A Republican refutes ideological nonsense
Unlike some of his colleagues, Thomas Ratliff, a Republican member of the State Board of Education, actually values the public schools. In a recent speech (linked below), he refutes much of the ideological nonsense that we have heard ad nauseam from the governor and most Republican legislators.
The socalled “Moneyball” speech, delivered in Lufkin a few weeks ago, draws parallels with the book, which was adapted into the recent movie, about changing the way major league baseball evaluated talent. Ratliff’s message essentially is that alleged “experts” – or ideologues with a political agenda – who refuse to remove their heads from the sand can block real progress in any endeavor, public education as well as baseball.
He challenges standardized testing – ‘’a blunt instrument used to beat up teachers and students” – and the rightwing myth that the public schools are drowning in administrators.
Ratliff also refutes the budgetcutters who claim that class size, including the 221 cap for kindergarten through fourth grade, isn’t an important factor in educational quality. Thanks to those budgetcutters (the governor and the legislative majority), more than 8,200 elementary classrooms throughout Texas are more crowded than state law allows.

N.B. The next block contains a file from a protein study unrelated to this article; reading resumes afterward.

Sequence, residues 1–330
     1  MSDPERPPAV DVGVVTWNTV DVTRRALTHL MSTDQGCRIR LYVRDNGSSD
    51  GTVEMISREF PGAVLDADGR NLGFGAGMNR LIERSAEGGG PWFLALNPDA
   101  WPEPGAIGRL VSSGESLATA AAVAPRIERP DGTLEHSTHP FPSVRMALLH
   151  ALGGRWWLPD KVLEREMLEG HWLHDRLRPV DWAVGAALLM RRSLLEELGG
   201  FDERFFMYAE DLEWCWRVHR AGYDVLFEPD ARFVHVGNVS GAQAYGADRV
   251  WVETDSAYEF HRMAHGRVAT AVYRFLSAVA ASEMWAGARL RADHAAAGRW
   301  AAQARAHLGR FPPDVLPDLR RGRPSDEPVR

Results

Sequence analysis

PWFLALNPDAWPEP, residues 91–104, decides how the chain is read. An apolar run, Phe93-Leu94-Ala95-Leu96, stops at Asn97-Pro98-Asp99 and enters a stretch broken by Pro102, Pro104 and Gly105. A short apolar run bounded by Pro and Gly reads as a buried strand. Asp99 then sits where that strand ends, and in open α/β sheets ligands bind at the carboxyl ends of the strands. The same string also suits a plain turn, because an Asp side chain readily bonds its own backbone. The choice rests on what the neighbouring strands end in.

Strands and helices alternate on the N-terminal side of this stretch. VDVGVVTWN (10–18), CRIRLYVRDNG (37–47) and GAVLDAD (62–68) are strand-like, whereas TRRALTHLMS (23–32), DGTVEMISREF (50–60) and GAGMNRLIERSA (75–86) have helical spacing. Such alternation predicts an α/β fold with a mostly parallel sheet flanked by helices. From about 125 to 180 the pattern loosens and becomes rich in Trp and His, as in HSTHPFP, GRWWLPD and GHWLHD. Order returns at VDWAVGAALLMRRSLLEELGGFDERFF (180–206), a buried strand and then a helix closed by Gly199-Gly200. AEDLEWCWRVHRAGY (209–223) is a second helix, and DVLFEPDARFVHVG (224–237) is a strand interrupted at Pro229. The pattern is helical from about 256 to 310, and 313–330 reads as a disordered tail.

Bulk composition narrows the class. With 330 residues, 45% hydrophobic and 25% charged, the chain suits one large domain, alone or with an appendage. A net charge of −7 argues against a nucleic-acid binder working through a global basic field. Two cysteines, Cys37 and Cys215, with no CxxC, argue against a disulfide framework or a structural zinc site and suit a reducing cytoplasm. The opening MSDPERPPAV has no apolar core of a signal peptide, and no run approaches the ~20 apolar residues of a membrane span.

“Those who want to starve our schools to death…want you to believe that class size doesn’t matter,” Ratliff says. “I am going to tell you that the data is undeniable that class size matters.” That is why, he notes, the Texas Education Agency denied some 221 financial hardship waivers for school districts with low performance ratings. And it is why, he adds, that private schools use small class sizes as a selling point to parents.
Neither does Ratliff buy the baloney, dished up by some Republicans, that the Legislature actually increased funding for the public schools last year. If you count enrollment growth and factor in an inflation factor of 2 percent annually in the costs borne by schools since 2009, the new public education budget for 201213 falls $10.8 billion short, he believes.
Finally, he points out that many elected officials and political candidates are merely masquerading as education advocates. “We can do better,” he says. “What we need to do is elect more people who are willing to prove that education is their first priority, not just give it lip service.”
I couldn’t have said it better myself.